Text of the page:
Sunday, June 25, 2006

The NY Times--Your Source for All Classified Information

Not satisfied with publishing details of the US Government's classified program of monitoring international financial transactions as part of its "war on terrorism," the NY Times has, today, once again boldly taken another step towards what I earlier described as moving from "Fourth Estate" to "Fifth Column."

In publishing details of current military plans for troop reductions and redeployments in Iraq the paper admitted that the briefing from which the information was taken was a "classified briefing."

Why then, does the NY Times feel that it has the right to publish the details of that "classified briefing?" Doesn't "classified" mean, "keep it to yourselves, folks . . . we don't want the 'bad guys' to know about this"?

Well, it appears that the "bad guys" did find out about the briefing and they published it.

The Times states that
General Casey's briefing has remained a closely held secret, and it was described by American officials who agreed to discuss the details only on condition of anonymity.
I note that the paper did not use the phrase, "administration officials," but the oddly vague phrase, "American officials." I'm not sure what this imprecision means but it does raise questions about who these "American officials" might be.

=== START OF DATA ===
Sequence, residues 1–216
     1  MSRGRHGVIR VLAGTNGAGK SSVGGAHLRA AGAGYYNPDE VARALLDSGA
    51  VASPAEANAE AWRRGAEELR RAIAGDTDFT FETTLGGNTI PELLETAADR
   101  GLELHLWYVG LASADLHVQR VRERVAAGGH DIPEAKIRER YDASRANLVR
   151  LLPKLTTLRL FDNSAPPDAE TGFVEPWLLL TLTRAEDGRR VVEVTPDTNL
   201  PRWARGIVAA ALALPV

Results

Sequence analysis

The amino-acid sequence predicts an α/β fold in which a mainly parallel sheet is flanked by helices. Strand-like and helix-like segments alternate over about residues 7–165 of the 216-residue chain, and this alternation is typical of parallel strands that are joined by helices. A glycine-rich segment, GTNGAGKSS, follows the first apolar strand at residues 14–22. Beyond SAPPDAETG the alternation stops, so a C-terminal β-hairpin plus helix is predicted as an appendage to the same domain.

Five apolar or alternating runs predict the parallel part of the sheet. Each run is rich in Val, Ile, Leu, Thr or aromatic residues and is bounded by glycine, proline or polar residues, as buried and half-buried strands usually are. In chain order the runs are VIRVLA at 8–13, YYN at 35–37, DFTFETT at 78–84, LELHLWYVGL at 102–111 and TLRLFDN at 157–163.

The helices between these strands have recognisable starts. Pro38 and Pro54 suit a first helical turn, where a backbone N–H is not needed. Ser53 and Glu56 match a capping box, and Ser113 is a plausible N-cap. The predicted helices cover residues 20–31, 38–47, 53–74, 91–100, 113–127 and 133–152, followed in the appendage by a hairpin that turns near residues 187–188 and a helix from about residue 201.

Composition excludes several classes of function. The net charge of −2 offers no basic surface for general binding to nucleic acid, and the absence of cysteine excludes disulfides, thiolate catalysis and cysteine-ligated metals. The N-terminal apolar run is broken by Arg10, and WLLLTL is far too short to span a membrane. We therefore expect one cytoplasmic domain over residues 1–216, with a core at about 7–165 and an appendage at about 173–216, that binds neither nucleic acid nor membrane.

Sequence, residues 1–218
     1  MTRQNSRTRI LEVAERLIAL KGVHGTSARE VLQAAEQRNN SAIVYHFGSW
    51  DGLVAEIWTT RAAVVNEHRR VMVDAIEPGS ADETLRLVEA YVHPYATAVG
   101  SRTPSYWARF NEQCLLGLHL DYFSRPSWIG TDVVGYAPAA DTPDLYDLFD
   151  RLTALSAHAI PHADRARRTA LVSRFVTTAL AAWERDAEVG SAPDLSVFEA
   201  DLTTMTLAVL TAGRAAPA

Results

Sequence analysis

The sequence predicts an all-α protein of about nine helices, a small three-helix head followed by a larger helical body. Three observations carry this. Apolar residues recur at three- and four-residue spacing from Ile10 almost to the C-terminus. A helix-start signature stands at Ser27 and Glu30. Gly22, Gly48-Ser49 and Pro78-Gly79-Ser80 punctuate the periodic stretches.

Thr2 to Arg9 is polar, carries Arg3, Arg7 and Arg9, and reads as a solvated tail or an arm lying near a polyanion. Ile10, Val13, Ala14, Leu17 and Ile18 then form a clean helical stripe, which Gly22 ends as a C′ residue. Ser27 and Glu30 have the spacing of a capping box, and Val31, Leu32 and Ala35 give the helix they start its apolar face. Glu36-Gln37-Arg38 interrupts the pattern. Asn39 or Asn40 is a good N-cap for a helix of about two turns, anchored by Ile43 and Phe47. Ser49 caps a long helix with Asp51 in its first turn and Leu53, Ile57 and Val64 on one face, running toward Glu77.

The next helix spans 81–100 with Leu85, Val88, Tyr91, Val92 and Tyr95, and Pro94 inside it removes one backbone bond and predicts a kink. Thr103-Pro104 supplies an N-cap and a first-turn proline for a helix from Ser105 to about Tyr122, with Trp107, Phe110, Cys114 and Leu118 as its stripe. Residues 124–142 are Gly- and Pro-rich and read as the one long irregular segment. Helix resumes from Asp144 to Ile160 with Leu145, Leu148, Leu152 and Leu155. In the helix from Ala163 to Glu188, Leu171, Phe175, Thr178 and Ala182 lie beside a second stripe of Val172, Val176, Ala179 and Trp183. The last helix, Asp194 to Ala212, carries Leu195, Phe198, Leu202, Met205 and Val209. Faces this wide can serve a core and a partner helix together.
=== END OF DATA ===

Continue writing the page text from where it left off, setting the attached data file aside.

Whoever they are, these folks had clearance to have either attended the classified briefing or to have received a detailed summary of it.

Their security clearance presumes that they will not go around telling major national newspapers classified information that they may come across while supposedly doing their jobs.

It is curious that the Times writer states that those who revealed this information to him were plural in number: "American officials."

Personally, I don't believe this. If it is one source then it is a leak. If it is more than one it is a conspiracy.

Maybe I'm naive, but if someone handed me a copy of "classified government information" I would head straight for the FBI and have the person arrested and charged with espionage, treason or both.

Apparently the NY Times does not consider their publishing of this classified material to be in any way "aiding and abetting" the dissemination of information obtained illegally from criminal felons.

I suppose that this just simply goes to prove the old adage that, "A man (or newspaper) is known for the company he (it) keeps."

From where I sit, I should hope that those responsible for publishing this information at the NY Times will have the opportunity to enjoy the company of their sources for many years inside a Federal penitentiary.